counter create hit Walmart in China - Download Free eBook
Hot Best Seller

Walmart in China

Availability: Ready to download

Walmart and Made in China are practically synonymous; Walmart imports some 70 percent of its merchandise from China. Walmart is now also rapidly becoming a major retail presence there, with close to two hundred Walmarts in more than a hundred Chinese cities. What happens when the world's biggest retailer and the world's biggest country do business with each other? In this Walmart and Made in China are practically synonymous; Walmart imports some 70 percent of its merchandise from China. Walmart is now also rapidly becoming a major retail presence there, with close to two hundred Walmarts in more than a hundred Chinese cities. What happens when the world's biggest retailer and the world's biggest country do business with each other? In this book, a group of thirteen experts from several disciplines examine the symbiotic but strained relationship between these giants. The book shows how Walmart began cutting costs by bypassing its American suppliers and sourcing directly from Asia and how Walmart's sheer size has trumped all other multinationals in squeezing procurement prices and, as a by-product, driving down Chinese workers' wages. China is also an inviting frontier for Walmart's global superstore expansion. As China's middle class grows, the chain's Western image and affordable goods have become popular. Walmart's Arkansas headquarters exports to the Chinese stores a unique corporate culture and management ideology, which oddly enough are reminiscent of Mao-era Chinese techniques for promoting loyalty. Three chapters separately detail the lives of a Walmart store manager, a lower-level store supervisor, and a cashier. Another chapter focuses on employees' wages, voluntary overtime, and the stores' strict labor discipline. In 2006, the official Chinese trade union targeted Walmart, which is antilabor in its home country, and succeeded in setting up union branches in all the stores. Walmart in China reveals the surprising outcome.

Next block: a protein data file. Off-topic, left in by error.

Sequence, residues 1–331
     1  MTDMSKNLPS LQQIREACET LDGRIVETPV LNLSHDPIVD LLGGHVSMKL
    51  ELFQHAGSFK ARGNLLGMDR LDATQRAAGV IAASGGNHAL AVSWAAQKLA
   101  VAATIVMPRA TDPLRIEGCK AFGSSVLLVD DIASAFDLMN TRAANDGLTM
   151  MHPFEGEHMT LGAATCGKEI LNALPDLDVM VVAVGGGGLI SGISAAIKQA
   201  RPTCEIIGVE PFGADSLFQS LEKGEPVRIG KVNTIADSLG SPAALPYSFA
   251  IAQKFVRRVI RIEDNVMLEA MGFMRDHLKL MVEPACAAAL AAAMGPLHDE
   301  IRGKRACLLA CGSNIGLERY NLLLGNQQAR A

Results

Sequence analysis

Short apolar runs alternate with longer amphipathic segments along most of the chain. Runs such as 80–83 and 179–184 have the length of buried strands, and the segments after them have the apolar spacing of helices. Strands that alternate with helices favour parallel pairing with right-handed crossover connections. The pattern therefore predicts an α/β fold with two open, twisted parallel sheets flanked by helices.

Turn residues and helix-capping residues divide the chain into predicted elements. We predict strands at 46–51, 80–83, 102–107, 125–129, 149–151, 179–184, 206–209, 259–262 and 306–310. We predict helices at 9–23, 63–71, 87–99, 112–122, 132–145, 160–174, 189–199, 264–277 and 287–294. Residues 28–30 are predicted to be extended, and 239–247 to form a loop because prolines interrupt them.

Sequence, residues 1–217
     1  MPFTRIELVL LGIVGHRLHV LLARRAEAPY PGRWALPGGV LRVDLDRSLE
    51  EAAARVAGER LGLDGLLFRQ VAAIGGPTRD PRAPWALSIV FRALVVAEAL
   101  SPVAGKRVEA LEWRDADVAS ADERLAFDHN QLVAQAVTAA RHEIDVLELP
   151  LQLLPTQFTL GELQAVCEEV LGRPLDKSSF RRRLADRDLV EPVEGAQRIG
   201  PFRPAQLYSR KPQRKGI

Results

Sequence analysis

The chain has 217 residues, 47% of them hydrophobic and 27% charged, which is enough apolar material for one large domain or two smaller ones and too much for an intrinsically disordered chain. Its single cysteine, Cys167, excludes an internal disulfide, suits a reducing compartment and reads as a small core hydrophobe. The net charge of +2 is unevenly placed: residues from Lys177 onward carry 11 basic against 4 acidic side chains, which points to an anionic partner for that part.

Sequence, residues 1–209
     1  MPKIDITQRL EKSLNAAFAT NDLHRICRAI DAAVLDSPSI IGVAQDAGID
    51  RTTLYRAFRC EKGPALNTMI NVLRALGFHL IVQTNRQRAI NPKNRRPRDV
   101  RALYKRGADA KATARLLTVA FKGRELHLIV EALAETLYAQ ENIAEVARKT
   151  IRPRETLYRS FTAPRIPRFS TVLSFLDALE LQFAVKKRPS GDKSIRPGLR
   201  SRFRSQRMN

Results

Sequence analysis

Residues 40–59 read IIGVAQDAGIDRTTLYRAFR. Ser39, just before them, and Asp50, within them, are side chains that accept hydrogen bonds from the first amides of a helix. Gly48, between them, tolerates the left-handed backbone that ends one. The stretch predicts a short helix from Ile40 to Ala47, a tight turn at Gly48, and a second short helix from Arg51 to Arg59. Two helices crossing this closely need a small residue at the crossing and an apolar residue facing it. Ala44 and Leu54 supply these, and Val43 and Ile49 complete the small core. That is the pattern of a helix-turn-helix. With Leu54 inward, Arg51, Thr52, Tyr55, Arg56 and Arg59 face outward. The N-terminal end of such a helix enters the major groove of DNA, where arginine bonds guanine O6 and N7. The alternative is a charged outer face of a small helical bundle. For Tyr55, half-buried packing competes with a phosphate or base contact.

Compare